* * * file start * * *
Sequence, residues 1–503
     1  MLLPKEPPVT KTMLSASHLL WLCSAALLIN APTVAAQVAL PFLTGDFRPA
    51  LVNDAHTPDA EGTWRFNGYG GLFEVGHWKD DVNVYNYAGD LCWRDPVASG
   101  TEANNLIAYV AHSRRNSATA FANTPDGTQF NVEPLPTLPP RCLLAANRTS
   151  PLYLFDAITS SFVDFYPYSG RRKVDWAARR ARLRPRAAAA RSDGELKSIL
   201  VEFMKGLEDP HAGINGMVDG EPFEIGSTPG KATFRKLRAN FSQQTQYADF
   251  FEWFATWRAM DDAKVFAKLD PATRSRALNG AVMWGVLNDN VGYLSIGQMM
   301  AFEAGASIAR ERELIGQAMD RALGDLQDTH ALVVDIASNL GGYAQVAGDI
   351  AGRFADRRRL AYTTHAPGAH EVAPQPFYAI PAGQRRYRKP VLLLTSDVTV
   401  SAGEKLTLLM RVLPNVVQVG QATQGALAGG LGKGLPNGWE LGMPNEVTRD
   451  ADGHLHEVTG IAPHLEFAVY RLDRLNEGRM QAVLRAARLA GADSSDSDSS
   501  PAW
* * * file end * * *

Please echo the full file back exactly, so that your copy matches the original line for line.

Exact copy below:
Sequence, residues 1–503
     1  MLLPKEPPVT KTMLSASHLL WLCSAALLIN APTVAAQVAL PFLTGDFRPA
    51  LVNDAHTPDA EGTWRFNGYG GLFEVGHWKD DVNVYNYAGD LCWRDPVASG
   101  TEANNLIAYV AHSRRNSATA FANTPDGTQF NVEPLPTLPP RCLLAANRTS
   151  PLYLFDAITS SFVDFYPYSG RRKVDWAARR ARLRPRAAAA RSDGELKSIL
   201  VEFMKGLEDP HAGINGMVDG EPFEIGSTPG KATFRKLRAN FSQQTQYADF
   251  FEWFATWRAM DDAKVFAKLD PATRSRALNG AVMWGVLNDN VGYLSIGQMM
   301  AFEAGASIAR ERELIGQAMD RALGDLQDTH ALVVDIASNL GGYAQVAGDI
   351  AGRFADRRRL AYTTHAPGAH EVAPQPFYAI PAGQRRYRKP VLLLTSDVTV
   401  SAGEKLTLLM RVLPNVVQVG QATQGALAGG LGKGLPNGWE LGMPNEVTRD
   451  ADGHLHEVTG IAPHLEFAVY RLDRLNEGRM QAVLRAARLA GADSSDSDSS
   501  PAW